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Tattoos?

 
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After watching a recent Java podcast (which was very much Java related and not eligible for MD) I noted that the presenter had a lot of ink, which I was pretty sure most of our staff did not have in common.

Someone asked "How do you know?"

Like the Bill Maher skit "I don't know this for a fact, I just know that" -- I don't know this for a fact, I just know it.

If any of our CodeRanch regulars are carrying some serious artwork around on their epidermis, I am wrong.  I just didn't get that vibe.

So if anyone cares to share, I am at least curious enough to see how wrong I might have been.

When I made the comment, I was only thinking about the CodeRanch side, but it is Friday night and MD is dead as a gym on the eve of the End of the World, so, anyone?



 
Jesse Silverman
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I know countless programmers and I know a LOT of people with serious tattoo investments, but the two sets are nearly disjoint.

At any rate, I score 0 on the skin art scale, no ink at all...
 
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Nope, none on me
 
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I can't see the point of tattoos.
 
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Almost 20 years ago, when I was a fresh electronic engineering student (didn't finish that), in uni's dormitory, my classmate's brother who is an incredible artist, made me what I wanted, this (recognise?), just in b&w.

In case anyone wondering - no regrets! Need to refresh it a bit though, because after 20 years it is not as bright, however, the technology we used is way more sustainable comparing to nowadays. We used a guitar thread, which was embedded into a pen, and it was powered with a small motor, and of course an ink.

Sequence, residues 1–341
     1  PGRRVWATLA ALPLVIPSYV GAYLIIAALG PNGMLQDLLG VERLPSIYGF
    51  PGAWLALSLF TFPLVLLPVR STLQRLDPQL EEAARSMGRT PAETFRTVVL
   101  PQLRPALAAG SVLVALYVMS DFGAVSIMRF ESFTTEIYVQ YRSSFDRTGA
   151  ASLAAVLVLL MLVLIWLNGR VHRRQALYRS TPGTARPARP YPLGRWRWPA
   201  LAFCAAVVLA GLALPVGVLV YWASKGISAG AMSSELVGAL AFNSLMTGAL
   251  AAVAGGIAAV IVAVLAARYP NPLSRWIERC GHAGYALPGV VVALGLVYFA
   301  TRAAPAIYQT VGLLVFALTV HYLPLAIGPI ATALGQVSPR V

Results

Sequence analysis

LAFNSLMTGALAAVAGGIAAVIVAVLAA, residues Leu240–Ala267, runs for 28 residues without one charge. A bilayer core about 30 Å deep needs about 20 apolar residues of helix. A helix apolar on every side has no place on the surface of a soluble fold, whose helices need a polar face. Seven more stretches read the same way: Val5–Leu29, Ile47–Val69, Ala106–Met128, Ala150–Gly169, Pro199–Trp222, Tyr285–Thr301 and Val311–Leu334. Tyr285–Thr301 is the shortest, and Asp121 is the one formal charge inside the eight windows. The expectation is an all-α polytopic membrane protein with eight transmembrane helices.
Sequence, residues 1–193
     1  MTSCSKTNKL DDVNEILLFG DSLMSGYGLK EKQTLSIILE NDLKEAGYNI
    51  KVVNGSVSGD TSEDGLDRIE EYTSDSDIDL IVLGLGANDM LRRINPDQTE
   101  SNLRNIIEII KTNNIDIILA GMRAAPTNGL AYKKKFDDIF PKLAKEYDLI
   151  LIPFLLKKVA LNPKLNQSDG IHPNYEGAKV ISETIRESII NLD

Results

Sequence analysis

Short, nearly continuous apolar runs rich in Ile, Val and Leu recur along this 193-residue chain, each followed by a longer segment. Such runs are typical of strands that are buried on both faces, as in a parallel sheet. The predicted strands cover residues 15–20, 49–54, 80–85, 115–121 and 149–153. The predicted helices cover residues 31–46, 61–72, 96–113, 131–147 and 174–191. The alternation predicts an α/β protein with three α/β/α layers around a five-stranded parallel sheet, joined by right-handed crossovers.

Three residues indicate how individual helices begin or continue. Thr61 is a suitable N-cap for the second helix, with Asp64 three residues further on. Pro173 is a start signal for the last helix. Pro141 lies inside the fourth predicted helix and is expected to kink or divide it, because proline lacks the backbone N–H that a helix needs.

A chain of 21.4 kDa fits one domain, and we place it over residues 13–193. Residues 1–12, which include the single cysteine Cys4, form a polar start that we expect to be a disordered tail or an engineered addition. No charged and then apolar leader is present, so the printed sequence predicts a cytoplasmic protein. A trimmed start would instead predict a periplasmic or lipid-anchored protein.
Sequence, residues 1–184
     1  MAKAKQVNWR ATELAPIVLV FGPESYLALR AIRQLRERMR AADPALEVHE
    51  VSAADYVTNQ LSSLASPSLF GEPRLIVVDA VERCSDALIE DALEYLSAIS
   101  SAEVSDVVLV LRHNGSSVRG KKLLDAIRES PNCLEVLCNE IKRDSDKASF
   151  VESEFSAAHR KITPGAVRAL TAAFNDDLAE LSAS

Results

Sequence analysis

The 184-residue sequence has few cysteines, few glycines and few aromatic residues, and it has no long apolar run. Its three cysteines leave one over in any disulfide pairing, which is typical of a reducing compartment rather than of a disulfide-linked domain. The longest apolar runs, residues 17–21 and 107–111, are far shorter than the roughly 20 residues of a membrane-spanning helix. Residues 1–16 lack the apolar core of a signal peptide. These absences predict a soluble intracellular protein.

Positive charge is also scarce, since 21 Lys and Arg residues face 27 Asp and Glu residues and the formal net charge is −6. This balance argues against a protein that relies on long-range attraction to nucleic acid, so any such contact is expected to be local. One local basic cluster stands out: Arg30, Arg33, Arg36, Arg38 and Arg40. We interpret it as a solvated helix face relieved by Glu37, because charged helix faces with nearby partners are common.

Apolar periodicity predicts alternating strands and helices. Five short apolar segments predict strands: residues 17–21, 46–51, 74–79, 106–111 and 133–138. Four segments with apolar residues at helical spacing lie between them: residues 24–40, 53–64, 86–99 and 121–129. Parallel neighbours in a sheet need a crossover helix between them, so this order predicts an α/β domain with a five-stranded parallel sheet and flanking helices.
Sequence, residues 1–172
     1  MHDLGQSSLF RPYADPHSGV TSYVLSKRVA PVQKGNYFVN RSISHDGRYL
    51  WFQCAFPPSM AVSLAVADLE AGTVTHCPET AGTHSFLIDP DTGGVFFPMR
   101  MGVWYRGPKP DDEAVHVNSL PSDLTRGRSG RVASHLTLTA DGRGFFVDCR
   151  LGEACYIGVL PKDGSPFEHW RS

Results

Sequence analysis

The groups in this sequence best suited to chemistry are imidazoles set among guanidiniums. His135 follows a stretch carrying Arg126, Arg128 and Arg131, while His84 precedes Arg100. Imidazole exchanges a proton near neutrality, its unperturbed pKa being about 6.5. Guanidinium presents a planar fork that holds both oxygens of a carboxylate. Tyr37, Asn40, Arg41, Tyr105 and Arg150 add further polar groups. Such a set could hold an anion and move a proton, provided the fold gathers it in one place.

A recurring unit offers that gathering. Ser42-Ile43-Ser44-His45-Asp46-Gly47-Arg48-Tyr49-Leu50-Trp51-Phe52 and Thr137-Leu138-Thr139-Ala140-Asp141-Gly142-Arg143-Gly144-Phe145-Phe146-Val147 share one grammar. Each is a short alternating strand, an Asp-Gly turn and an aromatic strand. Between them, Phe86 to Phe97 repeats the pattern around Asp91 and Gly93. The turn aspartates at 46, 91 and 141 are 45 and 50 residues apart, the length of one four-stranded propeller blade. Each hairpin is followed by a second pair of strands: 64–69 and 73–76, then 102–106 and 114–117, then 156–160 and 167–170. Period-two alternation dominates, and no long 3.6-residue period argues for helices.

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I have two.  One (my first) is a full back piece, the other is about 4" across on my right calf.

I have to say it was pretty amusing to go into the tattoo shop, see all these big-jock types getting something small on their arms and complaining about the pain...then my artist would say "you ready?"  I'd take off my oxford button-down, they'd see the nerdy, middle-age dork with a (partially complete) piece and they'd all shut up real quick.  
 
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I remember, at primary school, we could buy these stickers that you could hold against your arm and you had a "tattoo" that could be wa shed off. I cannot believe that anyone would let inject ink under his/her skin and face the result for the rest of his/her life.
 
Jesse Silverman
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Piet Souris wrote:I cannot believe that anyone would let inject ink under his/her skin and face the result for the rest of his/her life.



Well, this level of commitment (that they couldn't muster up) was exactly what most impressed/impresses a friend of mine who feels the same way personally.

And that from a person that fell in love with Perl during Engineering school and still codes in it all day professionally, 12 years later.

My favorite song about the notion you find hard to comprehend is simply named "Tattoo" by the Who.  That something that takes such a long view of the situation ("you'll be there when I die...") was written when Townshend was barely 22 is something I often found striking:
https://en.wikipedia.org/wiki/Tattoo_(The_Who_song)

 
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I love tattoos, but I never could settle on a design that I liked enough.